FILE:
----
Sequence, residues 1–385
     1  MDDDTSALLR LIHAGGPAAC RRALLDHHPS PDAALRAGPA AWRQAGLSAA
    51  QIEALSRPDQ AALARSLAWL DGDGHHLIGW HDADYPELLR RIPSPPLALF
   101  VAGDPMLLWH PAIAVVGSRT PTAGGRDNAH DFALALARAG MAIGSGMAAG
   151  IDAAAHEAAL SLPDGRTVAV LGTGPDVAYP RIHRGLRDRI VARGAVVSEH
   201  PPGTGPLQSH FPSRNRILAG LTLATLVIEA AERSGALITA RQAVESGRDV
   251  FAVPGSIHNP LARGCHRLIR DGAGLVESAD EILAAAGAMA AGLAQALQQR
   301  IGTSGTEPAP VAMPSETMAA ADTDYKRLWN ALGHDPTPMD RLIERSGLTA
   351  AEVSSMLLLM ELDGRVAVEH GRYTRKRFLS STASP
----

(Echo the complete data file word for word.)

Sequence, residues 1–385
     1  MDDDTSALLR LIHAGGPAAC RRALLDHHPS PDAALRAGPA AWRQAGLSAA
    51  QIEALSRPDQ AALARSLAWL DGDGHHLIGW HDADYPELLR RIPSPPLALF
   101  VAGDPMLLWH PAIAVVGSRT PTAGGRDNAH DFALALARAG MAIGSGMAAG
   151  IDAAAHEAAL SLPDGRTVAV LGTGPDVAYP RIHRGLRDRI VARGAVVSEH
   201  PPGTGPLQSH FPSRNRILAG LTLATLVIEA AERSGALITA RQAVESGRDV
   251  FAVPGSIHNP LARGCHRLIR DGAGLVESAD EILAAAGAMA AGLAQALQQR
   301  IGTSGTEPAP VAMPSETMAA ADTDYKRLWN ALGHDPTPMD RLIERSGLTA
   351  AEVSSMLLLM ELDGRVAVEH GRYTRKRFLS STASP